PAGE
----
The customers’ visit continues up the staircase towards the softer coloured universe of the women’s ready-to-wear and shoes collections. Here they will also find an intimate salon offering Haute Maroquinerie, an exclu- sive personalisation service for leather goods. Clients can select from the finest and most valued materials to create their own bag design, choosing from five iconic shapes, a large variety of colours and a range of fine leathers.



Gaston-Louis Vuitton, grandson of Louis Vuitton, was as passionate about reading and writing as his father
and grandfather, and was an insatiable bibliophile and collector. his taste for typography even led him to found and preside over two publishing houses.

The new collection dedicated to the Art of Writing pays tribute to this heritage and offers a complete range from writing instruments to exclusive inks, stationery, leather goods, personalization and special orders.

This tradition is also recalled by the historical gem in the Maison’s ecriture section. where Germany’s first postage stamp issued in 1849, the “Schwarze einser”, is on permanent display. The important piece of German history will be housed in the ecriture section as a symbol, to remind us of the emotions that have been set down on paper across the ages.

To pay tribute to the building’s iconic history, Louis Vuitton is issuing, for the opening, a limited edition of stamps and invites its guests to join the journey of words.

Interview with Peter Marino

“I like the changing nature of my creations. But what I am most proud of is when a store I have designed lasts a generation without ever going out of style.”
– Peter Marino

What makes the Munich Maison unique?
We developed a new metal mesh especially for this Maison, building on the iconic Louis Vuitton floral mesh, but presented in a lighter, more delicate manner. This new pale gold mesh runs along the store’s façade and along the staircase wall leading from the ground floor up to the first floor women’s area.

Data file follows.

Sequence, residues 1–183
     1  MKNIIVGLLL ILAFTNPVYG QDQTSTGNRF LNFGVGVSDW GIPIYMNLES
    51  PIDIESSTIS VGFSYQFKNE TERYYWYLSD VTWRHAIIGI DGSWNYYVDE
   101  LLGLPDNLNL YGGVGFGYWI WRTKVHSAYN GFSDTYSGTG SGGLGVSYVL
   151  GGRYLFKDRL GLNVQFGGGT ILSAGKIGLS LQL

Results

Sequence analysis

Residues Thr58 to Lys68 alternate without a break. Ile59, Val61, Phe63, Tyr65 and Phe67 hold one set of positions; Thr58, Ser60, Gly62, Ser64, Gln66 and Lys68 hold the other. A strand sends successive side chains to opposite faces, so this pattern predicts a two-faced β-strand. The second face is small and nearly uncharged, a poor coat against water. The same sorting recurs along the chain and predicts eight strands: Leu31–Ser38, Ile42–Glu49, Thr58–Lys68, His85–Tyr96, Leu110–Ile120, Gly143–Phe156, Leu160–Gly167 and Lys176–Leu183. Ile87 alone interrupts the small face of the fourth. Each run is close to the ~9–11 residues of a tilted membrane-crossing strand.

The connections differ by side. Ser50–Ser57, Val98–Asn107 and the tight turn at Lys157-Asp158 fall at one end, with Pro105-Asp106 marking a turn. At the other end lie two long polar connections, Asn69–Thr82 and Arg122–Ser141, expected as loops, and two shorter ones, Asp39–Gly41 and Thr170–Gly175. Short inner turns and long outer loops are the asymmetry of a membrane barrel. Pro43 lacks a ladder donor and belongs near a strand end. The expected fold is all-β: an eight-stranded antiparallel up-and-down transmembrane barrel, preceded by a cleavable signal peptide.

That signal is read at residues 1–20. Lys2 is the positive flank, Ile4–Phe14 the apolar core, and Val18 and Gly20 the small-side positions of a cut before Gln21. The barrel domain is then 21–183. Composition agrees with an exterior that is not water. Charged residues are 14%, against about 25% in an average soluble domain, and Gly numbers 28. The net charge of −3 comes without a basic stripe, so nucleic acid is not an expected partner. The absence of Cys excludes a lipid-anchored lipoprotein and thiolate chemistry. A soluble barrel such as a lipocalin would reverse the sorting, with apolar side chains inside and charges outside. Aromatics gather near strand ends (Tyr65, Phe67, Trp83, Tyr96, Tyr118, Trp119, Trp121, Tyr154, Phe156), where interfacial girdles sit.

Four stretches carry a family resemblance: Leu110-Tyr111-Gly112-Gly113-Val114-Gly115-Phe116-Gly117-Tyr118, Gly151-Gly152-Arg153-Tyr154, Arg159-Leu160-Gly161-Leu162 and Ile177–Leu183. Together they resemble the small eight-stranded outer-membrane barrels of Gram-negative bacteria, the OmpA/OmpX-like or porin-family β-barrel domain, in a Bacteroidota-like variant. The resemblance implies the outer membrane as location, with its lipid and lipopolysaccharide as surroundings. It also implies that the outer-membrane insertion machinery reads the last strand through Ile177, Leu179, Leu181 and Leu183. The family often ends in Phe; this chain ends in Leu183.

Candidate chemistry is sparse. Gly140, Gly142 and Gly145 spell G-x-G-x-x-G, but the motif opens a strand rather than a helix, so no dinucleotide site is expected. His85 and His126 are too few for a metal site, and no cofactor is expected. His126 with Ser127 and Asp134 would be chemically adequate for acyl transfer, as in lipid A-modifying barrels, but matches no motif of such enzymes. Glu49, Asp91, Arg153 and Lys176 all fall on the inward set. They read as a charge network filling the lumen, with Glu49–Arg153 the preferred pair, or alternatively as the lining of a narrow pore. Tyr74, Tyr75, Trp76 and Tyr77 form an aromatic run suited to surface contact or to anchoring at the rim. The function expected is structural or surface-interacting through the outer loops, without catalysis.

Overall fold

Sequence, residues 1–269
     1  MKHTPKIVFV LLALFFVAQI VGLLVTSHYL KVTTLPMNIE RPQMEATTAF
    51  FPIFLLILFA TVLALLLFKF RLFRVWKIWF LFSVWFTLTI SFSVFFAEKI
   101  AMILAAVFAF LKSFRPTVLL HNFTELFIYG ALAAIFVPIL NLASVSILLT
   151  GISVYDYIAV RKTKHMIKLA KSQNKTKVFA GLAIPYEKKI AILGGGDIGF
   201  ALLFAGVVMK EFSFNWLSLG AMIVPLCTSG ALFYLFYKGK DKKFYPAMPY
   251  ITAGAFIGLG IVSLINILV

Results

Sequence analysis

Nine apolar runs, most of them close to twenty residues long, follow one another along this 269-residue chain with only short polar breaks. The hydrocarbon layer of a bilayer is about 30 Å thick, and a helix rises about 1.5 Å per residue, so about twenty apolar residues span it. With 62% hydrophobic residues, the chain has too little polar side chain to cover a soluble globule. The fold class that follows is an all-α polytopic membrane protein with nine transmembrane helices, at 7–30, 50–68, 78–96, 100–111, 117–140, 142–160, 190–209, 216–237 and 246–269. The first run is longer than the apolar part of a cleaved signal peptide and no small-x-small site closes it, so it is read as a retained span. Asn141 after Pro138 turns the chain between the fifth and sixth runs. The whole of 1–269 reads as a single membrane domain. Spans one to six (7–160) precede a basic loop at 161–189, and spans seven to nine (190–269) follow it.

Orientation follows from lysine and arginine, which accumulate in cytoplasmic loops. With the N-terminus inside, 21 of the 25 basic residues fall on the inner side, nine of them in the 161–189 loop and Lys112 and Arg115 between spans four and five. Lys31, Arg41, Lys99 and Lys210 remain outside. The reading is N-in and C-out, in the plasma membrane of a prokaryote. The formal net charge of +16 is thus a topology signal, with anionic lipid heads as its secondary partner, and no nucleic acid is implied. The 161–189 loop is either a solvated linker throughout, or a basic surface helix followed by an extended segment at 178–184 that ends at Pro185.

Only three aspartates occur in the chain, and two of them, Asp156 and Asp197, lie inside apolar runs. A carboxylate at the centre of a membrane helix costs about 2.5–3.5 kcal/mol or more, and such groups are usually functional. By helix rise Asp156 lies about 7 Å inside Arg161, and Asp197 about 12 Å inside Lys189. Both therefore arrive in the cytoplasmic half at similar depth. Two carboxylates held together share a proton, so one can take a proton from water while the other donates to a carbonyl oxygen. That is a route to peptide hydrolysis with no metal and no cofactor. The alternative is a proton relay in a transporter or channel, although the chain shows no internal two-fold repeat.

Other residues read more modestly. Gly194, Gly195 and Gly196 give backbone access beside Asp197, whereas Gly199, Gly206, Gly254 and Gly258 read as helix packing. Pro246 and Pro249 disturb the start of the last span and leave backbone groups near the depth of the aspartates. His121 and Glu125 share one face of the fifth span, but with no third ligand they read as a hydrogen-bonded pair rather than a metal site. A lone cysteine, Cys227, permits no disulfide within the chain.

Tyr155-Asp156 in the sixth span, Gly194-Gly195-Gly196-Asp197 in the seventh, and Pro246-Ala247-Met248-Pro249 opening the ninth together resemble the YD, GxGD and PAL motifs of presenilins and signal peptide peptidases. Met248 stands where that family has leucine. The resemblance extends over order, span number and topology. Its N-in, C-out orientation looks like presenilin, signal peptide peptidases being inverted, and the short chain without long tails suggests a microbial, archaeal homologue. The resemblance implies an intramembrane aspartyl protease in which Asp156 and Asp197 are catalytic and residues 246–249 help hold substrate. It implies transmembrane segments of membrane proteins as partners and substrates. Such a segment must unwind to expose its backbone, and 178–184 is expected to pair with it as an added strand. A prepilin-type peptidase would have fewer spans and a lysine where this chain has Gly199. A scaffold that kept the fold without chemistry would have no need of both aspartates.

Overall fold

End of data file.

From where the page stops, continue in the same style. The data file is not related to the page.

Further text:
What are your favorite elements within the Munich Maison?
I love the main staircase, which extends through the store’s three floors, appearing as a rainbow of wood colours. Beginning with a dark wood in the basement Men’s area, it then becomes a medium shade of wood at the ground floor entrance and culminates in a light wood on the first floor women’s area.

How is the Maison laid out?
It extends over three storeys. There is an iconic staircase stretching along the store’s frontage, much like the London New Bond Street Maison. The ground floor houses leathergoods, jewellery, accessories and luggage; the basement level is home to the Men’s collections, while the first floor is dedicated to the women’s collections.

In your opinion, is a store made to last, in the same way a monument is, or is it rather a short-lived creation, following fashion and therefore unlikely to remain unchanged?
I am more for the short-lived option. However, I also like it that stores last a generation. I don’t like trendy places, subject to the diktats of fashion. Once the effect of surprise has worn off, two or three years later they look dated. It is very unpleasant when something is so old-fashioned that at a glance it can be seen as belonging to a specific era. On the other hand, nor do I like the idea of a concrete creation, built to last forever. I like the changing nature of my creations. But what I am most proud of is when a store I have designed lasts a generation without ever going out of style.

Louis Vuitton Munich Residenzpost Maison
Residenzstraße 2,
80333 Munich,

Tel.: +49 89 558 938 000

Mondays to Fridays – 10:00 AM to 7:00 PM
Saturdays – 10:00 AM to 6:00 PM
Sundays – Closed

Images via Louis Vuitton